Hungry Before Your Period? Here’s Why.


“Ugh, I just get so hungry before my period. I know I shouldn’t eat more, but I can’t help it. ”

Can you relate? If so, I’m here to tell you it’s okay. Please stop beating yourself up about eating more, and start celebrating that you’re listening to your body’s signals! Being hungry before your period is actually how your body is designed. Say what?! Let me explain from the beginning….

The menstrual cycle is a rhythmic cycle composed of four phases lasting about 25-35 days. Day 1 begins with bleeding. This may last 3-7 days and is followed by the follicular phase. Next is ovulation, which is the “Fertile Myrtle” stage when ovaries release an egg. And finally, the luteal phase, which usually lasts about 12-14 days. During this monthish-long cycle, your sex hormones are rising and falling in a very deliberate and rhythmic way thanks to your hypothalamic-pituitary-gonadal (HPG) axis.

The HPG-axis can be influenced by many physiological and pathological changes that occur throughout life, including stress, food intake, and menopause. However, if everything is running as planned, this is what happens. First, your hypothalamus (think of this part of your brain as the conductor over your metabolism, growth, sex hormones—you name it!) secretes gonadotropin-releasing hormone, which sends a message to your anterior pituitary gland to secrete follicle-stimulating hormone (FSH) and luteinizing hormone (LH). Both FSH and LH send a message to the ovaries to release progesterone and the estrogen hormones (estradiol, estrone, estriol). Check out the Figure below for this wave-like pattern.

Figure: Draper, C. F. et al. (2018)



Studies have shown that during the luteal phase, which is a week or two before your period, your metabolic rate (aka calorie need) increases by 8-12%. Researchers believe this is largely due to the increase in progesterone, since progesterone is hyperthermic, meaning it stimulates your metabolism. One study also found that during the luteal phase, the body is hard at work thickening the endometrial lining to support pregnancy. Researchers found that amino acids (protein) and fats were at their lowest levels, since both were being used to build the endometrial lining. Also, cholesterol, which is a fat, is needed to make sex hormones (i.e. progesterone and estrogen); therefore, another reason why fat levels in the blood are lower, and why many women tend to crave fatty food before their period. Hallelujah! You’re not crazy! Your body is using more energy to support a possible pregnancy, so you’re going to be a little hungrier.

Now, it’s not a huge rise in your metabolic rate, but enough where you may notice you’re wanting an additional snack or don’t quite feel satisfied with your usual meal. Please, listen to your body and eat foods to support all of this amazing work. Some ideas may include:

  • Simply eat just a little more protein, fat, vegetables, and/or starches at your regular meal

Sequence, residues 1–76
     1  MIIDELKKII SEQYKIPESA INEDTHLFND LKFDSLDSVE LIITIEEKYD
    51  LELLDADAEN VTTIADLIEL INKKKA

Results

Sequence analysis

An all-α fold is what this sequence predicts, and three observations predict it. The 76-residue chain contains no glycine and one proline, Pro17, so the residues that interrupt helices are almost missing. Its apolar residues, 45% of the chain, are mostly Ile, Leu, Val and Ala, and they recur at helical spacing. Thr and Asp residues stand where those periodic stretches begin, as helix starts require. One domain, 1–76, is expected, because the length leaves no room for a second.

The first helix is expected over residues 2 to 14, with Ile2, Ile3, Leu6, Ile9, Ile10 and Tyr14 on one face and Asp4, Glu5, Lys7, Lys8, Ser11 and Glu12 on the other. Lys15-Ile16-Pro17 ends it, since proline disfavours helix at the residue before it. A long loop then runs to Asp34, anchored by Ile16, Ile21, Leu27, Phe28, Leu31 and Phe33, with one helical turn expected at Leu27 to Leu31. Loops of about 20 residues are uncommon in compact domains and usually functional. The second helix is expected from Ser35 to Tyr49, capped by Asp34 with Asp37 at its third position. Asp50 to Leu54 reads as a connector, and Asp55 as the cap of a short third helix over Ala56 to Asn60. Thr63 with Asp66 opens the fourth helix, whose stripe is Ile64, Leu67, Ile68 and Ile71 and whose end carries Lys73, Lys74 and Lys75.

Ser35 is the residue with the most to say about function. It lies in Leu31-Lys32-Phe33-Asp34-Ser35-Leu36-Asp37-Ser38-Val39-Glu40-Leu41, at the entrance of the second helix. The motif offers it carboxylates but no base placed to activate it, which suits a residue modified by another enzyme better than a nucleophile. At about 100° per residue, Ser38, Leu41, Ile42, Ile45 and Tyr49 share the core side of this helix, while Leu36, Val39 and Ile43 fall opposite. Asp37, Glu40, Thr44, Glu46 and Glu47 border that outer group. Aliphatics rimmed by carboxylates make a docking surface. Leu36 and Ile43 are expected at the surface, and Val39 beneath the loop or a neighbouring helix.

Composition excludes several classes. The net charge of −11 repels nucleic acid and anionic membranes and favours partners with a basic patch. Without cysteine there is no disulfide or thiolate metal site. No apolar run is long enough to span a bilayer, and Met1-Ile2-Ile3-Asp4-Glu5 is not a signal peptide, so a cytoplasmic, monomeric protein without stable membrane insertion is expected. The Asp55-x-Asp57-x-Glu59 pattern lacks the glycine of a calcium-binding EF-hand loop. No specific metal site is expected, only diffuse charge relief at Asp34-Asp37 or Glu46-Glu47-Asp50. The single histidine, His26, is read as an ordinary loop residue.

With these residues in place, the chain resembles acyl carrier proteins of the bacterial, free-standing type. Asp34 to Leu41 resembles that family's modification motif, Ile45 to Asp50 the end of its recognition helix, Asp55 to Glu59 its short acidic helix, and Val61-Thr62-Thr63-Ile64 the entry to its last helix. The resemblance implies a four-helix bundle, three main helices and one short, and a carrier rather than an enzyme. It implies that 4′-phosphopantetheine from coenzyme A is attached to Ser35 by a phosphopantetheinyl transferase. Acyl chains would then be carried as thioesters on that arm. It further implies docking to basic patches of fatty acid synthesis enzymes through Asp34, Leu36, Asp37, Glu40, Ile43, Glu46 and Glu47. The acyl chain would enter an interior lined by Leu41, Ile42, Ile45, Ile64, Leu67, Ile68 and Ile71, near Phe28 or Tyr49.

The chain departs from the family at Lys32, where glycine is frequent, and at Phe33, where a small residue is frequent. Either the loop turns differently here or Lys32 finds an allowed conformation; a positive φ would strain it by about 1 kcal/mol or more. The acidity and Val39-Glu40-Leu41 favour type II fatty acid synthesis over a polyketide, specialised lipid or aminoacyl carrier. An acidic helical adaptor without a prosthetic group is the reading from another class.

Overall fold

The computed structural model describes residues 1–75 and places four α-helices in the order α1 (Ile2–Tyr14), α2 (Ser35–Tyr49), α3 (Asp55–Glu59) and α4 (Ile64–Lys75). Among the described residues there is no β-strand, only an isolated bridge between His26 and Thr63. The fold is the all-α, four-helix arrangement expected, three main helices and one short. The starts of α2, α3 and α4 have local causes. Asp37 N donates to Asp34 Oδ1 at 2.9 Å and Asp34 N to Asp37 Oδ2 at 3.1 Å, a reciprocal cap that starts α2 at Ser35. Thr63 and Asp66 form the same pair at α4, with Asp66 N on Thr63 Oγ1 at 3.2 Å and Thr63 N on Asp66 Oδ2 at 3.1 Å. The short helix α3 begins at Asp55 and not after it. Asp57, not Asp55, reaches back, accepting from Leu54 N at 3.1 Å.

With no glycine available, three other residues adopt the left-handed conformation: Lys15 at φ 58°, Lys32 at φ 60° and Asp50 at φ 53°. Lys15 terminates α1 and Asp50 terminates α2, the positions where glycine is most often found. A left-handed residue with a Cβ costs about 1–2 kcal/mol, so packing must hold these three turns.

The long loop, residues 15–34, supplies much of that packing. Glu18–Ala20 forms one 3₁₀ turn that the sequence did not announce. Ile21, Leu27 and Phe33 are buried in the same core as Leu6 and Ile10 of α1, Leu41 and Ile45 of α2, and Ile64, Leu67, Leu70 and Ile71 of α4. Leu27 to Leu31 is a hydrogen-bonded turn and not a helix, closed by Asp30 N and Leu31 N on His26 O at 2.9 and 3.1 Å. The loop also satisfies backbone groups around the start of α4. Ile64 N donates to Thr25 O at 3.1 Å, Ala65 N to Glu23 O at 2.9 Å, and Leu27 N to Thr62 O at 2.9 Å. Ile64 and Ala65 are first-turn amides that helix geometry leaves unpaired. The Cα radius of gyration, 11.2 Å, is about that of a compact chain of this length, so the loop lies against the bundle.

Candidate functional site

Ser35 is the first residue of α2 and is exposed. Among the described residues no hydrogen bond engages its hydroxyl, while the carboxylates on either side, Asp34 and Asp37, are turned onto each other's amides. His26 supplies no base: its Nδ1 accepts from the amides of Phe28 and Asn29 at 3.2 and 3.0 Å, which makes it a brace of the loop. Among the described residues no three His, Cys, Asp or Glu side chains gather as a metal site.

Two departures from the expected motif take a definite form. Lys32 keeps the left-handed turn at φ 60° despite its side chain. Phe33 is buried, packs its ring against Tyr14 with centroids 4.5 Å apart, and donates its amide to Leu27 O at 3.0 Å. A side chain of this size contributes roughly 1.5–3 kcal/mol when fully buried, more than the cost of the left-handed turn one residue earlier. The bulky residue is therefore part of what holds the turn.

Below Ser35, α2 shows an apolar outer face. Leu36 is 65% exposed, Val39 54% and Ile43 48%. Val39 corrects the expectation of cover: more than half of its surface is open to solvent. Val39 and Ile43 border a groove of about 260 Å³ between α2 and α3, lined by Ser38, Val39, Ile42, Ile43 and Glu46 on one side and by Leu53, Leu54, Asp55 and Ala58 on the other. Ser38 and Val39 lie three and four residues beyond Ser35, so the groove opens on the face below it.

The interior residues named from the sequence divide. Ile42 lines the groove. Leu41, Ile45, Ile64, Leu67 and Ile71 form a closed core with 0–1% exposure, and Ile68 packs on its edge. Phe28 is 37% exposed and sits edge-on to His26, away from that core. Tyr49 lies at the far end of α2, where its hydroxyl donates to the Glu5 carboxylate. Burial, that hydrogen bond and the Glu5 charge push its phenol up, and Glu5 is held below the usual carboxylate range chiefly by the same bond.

• Add an extra snack to your day: hummus and veggies, avocado toast, or an apple with almond butter

  • Or add dessert: sweet potato brownie, carob nut clusters, or berries drizzled with melted coconut butter


I’d love to hear from you! What did you find helpful about this blog? What other hormone health issues would you like to learn more about? Please comment below or send me an email (steph@thewellnesscommon.com). It helps me continue to create great content that helps you. And, if you’d like to work with me on hormone health, please contact me to schedule a free discovery call.

If you thought this blog was helpful or know someone who would enjoy it, please like it and share it with them.

With love, Steph

References:

  1. Benton, M. J., Hutchins, A. M., & Dawes, J. J. (2020). Effect of menstrual cycle on resting metabolism: a systematic review and meta-analysis. PLoS One, 15(7), 236025. doi: 10.1371/journal.pone.0236025.

  2. Bisdee, J. T., James, W. P., & Shaw, M. A. (1989). Changes in energy expenditure during the menstrual cycle. British Journal of Nutrition, 61(2), 187-199. doi: 10.1079/bjn19890108.

  3. Chappell, S. & Hackney, A. C. (1997). Associations between menstrual cycle phase, physical activity level, and dietary macronutrient intake. Biology of Sport, 14(4), 251-258.

  4. Davidsen, L, Vistisen, B., & Astrup, A. (2007). Review: Impact of the menstrual cycle on determinants of energy balance: a putative role in weight loss attempts. International Journal of Obesity (London), 12, 1777-1785. doi: 10.1038/sj.ijo.0803699.

  5. Day, D. S., Gozansky, W. S., Van Pelt, R. E., Schwartz, R. S., & Kohrt, W. M. (2005). Sex hormone suppression reduces resting energy expenditure and beta-adrenergic support of resting energy expendicture. Journal of Clinical Endocrinology and Metabolism, 90(6), 3312-2217. doi: 10.1210/jc.2004-1344.

  6. Draper, C. F., Duisters, K., Weger, B., Chakrabarti, A., Harms, A. C. Brennan, L, … & vanderGreef, J. (2018). Menstrual cycle rhythmicity: metabolic patterns in healthy women. Science Reports, 8, 14568. doi: 10.1038/s41598-018-32647-0

  7. Monda, V., Salerno, M., Fiorenzo, M., Villano, I., Viggiano, A., Sessa, F., … & Messina, A. (2017). Role of sex hormones in the control of vegetative and metabolic functions of middle-aged women. Frontiers in Physiology, 8, 773. doi: 10.3389/fphys.2017.00773.

  8. Zhang, S., Osumi, H., Uchizawa, A., Hamada, L., Park, I., Suzuki, Y., … & Tokuyama, K. (2020). Changes in sleeping energy metabolism and thermoregulation during menstrual cycle. Physiological Reports, 8(2), 14353. doi: 10.14814/phy2.14353.

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